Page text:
A less skeptic observer would point out that these attitudes coincide with the demographics of the group as well as findings from other studies showing a relatively more progressive approach towards sustainability in developing countries. Last, but not least, the gap between the group’s attitudes and behavior might be the result of companies failing to meet the aspirationals’ needs, not lack of authenticity among the responders.

4. What are the main barriers companies may have in addressing this group?

The main barriers to sustainable purchasing in the report (these are for all groups and I assume they also apply to the aspirationals) are: performance (75 percent), cost (70 percent), reliability/trust (64 percent), lack of understanding of what makes products environmentally or socially responsible (63 percent) and inability to see the environmental or social benefits of the products right away (63 percent).

5. How can companies overcome these obstacles?

Obviously the “easiest” way to do it would be to provide consumers with sustainable products that don’t cost more and have similar, if not better, quality. Companies will need to be more innovative (BBMG’s Disrupt and Delight report provides some excellent examples on how to do it), utilize crowdsourcing tools and be more open-minded to new design concepts and business models.

Yet, even companies that think this is too difficult or even impractical, at least in the short term, don’t need to give up on the aspirationals. The other top barriers are about communication and engagement, and as the authors claimed in an article in the Guardian, “there is a clear opportunity for improved marketing here and blending values with value is key,” from delivering total value to using social networks more effectively.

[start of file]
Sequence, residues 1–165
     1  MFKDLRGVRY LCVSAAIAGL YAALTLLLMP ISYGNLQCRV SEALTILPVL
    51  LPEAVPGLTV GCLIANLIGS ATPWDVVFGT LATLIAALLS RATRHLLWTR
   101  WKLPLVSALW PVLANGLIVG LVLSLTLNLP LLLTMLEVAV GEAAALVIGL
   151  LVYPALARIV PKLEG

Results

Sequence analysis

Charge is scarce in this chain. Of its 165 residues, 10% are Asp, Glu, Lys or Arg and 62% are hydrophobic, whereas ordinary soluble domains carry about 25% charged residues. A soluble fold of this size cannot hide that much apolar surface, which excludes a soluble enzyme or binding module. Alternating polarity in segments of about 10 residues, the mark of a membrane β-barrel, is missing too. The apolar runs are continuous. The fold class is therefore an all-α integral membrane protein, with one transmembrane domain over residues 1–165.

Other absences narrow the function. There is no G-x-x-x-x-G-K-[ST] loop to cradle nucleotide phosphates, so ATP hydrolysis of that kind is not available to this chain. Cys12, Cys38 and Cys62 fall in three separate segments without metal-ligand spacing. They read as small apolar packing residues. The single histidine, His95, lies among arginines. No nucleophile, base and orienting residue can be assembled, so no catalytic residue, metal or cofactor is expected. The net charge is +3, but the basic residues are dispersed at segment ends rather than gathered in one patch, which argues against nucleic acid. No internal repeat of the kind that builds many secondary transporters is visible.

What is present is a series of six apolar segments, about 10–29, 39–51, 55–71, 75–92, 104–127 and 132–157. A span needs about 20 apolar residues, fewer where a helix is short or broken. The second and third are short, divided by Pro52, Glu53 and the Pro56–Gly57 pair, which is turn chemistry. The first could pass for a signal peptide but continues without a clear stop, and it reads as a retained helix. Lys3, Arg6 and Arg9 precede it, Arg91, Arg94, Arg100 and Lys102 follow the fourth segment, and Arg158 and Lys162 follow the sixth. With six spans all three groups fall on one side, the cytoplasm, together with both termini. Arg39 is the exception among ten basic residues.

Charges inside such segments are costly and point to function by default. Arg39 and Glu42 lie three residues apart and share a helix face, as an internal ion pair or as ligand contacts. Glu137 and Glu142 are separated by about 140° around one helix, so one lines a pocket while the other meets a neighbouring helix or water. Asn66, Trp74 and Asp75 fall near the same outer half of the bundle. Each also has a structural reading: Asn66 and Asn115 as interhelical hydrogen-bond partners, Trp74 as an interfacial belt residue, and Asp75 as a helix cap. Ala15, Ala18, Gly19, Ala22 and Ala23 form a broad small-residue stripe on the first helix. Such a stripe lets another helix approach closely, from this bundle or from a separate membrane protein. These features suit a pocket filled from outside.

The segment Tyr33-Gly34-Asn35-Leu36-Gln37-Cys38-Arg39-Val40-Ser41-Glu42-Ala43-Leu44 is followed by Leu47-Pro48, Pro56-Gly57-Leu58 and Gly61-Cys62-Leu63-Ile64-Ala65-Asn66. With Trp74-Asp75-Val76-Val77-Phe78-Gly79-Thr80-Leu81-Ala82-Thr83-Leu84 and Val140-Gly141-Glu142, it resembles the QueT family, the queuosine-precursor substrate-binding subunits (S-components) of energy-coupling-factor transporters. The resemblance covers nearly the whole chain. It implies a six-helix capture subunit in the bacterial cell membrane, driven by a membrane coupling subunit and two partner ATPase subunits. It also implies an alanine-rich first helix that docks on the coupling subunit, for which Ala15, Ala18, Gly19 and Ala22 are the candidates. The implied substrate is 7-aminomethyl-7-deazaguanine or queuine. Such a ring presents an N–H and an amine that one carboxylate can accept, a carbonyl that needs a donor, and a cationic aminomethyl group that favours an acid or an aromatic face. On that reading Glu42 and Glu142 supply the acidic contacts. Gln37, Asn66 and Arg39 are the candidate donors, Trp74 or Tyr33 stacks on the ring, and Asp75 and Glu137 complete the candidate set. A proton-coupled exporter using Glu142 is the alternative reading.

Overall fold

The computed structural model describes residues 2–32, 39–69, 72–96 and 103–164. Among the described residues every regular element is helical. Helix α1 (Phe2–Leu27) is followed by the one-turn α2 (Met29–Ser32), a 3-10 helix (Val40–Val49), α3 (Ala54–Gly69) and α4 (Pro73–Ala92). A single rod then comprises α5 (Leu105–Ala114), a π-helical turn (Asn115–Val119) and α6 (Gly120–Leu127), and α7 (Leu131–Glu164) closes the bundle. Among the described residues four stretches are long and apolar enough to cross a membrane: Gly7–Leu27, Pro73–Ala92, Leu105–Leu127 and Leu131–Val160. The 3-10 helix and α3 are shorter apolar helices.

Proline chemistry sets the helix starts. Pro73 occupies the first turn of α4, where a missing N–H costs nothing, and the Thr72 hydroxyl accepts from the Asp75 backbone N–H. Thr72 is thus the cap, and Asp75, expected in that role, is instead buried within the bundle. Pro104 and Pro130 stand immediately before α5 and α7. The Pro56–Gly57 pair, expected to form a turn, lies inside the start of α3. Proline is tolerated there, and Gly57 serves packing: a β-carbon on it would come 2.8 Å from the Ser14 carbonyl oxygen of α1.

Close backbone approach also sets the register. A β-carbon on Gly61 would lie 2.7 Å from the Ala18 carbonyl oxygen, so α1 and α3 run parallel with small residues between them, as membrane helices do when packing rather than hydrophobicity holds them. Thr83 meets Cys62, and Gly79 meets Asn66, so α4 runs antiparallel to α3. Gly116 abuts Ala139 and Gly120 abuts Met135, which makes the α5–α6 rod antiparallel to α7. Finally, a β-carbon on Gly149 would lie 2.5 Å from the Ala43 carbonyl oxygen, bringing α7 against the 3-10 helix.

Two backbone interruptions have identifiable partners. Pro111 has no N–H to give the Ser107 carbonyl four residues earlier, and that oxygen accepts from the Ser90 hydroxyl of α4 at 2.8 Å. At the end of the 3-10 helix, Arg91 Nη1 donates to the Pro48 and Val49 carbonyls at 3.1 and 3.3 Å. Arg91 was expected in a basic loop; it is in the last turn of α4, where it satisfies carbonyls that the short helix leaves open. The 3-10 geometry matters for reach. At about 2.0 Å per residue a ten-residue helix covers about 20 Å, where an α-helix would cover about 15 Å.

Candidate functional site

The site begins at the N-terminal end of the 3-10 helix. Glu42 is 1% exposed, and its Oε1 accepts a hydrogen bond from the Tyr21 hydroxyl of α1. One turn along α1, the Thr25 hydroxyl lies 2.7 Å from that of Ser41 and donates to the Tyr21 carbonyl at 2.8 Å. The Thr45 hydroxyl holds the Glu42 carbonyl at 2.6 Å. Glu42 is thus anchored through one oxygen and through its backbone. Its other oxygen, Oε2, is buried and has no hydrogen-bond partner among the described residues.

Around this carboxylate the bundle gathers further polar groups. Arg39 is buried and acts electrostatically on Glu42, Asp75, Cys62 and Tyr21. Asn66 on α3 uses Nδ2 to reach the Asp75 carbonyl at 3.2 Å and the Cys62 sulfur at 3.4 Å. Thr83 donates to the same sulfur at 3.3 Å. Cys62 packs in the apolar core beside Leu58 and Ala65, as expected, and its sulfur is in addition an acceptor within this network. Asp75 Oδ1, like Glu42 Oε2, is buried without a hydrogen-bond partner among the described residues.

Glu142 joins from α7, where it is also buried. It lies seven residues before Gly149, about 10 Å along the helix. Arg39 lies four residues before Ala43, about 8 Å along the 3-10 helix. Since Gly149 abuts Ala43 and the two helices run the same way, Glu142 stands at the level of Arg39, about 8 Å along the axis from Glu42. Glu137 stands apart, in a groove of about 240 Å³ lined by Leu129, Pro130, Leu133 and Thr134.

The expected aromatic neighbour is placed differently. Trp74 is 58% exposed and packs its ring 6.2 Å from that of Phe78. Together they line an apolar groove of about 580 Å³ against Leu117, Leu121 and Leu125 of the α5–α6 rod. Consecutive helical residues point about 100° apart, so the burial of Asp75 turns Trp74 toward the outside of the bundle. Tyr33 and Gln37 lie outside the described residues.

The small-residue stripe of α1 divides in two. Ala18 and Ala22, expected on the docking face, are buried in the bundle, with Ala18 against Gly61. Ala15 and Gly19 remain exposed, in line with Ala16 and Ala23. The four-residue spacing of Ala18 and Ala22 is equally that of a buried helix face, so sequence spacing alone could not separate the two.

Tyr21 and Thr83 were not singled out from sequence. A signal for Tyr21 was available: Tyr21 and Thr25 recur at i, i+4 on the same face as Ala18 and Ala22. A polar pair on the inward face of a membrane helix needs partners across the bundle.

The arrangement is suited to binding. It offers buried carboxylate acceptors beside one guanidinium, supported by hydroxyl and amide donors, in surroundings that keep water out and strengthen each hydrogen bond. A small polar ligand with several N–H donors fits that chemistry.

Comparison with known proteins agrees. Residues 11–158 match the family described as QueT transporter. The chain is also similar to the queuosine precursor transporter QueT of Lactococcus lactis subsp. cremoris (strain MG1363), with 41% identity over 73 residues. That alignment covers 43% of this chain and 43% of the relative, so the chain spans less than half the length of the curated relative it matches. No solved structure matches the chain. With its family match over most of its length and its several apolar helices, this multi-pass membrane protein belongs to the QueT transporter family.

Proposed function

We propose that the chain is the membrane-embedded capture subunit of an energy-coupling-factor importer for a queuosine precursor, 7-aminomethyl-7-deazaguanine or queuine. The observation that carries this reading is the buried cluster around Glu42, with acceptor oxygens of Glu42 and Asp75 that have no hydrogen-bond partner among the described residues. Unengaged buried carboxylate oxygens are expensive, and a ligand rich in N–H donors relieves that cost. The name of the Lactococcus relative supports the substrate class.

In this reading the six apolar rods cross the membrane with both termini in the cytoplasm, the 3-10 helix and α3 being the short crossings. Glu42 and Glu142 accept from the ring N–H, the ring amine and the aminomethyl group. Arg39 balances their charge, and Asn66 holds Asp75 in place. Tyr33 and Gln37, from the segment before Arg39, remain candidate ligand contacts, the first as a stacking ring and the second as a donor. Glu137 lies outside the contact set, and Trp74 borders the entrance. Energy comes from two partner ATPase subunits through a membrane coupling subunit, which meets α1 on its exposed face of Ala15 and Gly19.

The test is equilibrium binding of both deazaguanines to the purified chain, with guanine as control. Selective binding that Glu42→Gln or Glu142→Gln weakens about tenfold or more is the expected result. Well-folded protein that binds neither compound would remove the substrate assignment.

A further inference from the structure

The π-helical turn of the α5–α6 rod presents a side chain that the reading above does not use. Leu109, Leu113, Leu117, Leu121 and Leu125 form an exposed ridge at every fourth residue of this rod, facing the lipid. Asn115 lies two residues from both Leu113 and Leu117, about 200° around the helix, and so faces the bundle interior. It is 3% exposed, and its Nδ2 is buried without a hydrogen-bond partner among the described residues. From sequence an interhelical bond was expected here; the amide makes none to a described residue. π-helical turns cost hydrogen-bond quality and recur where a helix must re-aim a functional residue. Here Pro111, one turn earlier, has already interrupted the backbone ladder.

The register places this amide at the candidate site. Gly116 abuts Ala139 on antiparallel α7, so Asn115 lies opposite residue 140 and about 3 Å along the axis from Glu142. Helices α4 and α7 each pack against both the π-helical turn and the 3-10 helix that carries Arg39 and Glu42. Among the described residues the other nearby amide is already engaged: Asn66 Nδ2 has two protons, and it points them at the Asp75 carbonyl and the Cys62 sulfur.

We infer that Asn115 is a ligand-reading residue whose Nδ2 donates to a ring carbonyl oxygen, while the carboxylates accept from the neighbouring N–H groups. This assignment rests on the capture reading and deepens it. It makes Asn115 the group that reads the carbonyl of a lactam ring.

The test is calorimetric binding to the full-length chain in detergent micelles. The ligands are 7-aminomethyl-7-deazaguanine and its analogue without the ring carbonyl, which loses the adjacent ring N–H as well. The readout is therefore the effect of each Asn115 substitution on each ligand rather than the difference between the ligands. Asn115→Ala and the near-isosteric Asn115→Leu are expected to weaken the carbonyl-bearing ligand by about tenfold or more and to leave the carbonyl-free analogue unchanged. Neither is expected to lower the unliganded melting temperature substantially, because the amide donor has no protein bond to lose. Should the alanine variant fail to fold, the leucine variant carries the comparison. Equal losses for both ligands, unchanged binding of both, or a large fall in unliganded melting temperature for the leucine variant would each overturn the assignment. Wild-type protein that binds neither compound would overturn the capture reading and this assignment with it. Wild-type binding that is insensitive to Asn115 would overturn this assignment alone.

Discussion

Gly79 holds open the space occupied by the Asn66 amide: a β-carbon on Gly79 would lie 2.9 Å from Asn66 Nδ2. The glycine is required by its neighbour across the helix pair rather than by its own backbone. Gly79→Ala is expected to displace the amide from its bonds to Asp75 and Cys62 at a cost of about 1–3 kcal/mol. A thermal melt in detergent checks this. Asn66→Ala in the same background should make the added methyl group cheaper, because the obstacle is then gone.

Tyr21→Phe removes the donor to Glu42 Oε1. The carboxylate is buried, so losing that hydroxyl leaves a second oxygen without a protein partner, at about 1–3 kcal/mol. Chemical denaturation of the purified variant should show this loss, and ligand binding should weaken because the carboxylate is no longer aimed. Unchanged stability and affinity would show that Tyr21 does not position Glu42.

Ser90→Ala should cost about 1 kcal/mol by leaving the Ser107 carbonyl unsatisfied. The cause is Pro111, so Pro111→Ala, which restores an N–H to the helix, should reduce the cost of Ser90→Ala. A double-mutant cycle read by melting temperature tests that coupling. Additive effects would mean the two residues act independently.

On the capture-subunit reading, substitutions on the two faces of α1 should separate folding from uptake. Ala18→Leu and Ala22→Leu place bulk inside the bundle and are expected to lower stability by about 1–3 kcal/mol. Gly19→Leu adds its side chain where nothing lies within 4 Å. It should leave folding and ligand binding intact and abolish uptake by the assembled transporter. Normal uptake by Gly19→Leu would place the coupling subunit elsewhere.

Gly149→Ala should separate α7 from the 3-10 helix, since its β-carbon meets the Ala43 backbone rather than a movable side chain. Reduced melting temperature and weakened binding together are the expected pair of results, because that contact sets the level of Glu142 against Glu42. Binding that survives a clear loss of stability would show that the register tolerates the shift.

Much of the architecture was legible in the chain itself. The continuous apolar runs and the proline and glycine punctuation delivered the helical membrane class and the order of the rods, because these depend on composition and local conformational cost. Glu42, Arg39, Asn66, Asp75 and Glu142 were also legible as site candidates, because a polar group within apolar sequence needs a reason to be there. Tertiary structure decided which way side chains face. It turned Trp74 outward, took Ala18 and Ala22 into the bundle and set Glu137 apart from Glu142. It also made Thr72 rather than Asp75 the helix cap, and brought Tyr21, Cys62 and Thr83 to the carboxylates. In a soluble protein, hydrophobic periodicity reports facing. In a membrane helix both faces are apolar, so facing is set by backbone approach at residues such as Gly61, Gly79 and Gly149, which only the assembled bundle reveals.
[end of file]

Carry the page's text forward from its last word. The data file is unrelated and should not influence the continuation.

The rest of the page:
6. Why should companies be interested in making the aspirationals more sustainable and less materialistic?

This is a tough question. It’s not clear yet to what extent companies will be willing to encourage consumers to shift to what collaborative design strategist Ann Thorpe described as a low product context. This is based on “a new language that would rely largely on inner growth and improved social contexts as a means to well being, rather than material goods and individual purchases.” In other words, buy less, share and DIY more.

7. Will companies do it?

Aspirational companies probably do. The rest will probably wait to see how it works for them and so will we.


[Image credit: The Regeneration Roadmap 2012
]

Raz Godelnik is the co-founder of Eco-Libris and an adjunct faculty at the University of Delaware’s Business School, CUNY SPS and the New School, teaching courses in green business, sustainable design and new product development. You can follow Raz on Twitter.


▼▼▼      3 Comments     ▼▼▼

Newsletter Signup
  • Walaa

    I think the second question should read why rather than what. Please fix the typo so I can share the article.

    • http://www.facebook.com/godelnik Raz Godelnik

      It’s fixed now. Thanks for your note!

  • http://amble.com/ambler/ Amble Resorts

    We’ve been following the evolution of travel trends over the past decade, and have seen the old “Take Only Pictures, Leave Only Footprints” motto of responsible travelers become something much more holistic. Rather than simply striving to avoid causing ecological damage, today’s geotourists demand that their travel experiences support positive progress in emerging destinations, infusing local communities with revenue for better education, opportunities, job training and cultural preservation, on top of environmental sustainability. Aspirationals need not shy away from their materialism when their travel purchases that support these wide-ranging sustainable tourism initiatives can achieve so much good. That said, the options are lacking in many destinations, especially if the traveler desires a luxurious experience. We’re trying to remedy that in Panama.
    — Rachel Kowalczyk, Managing Editor, Amble Resorts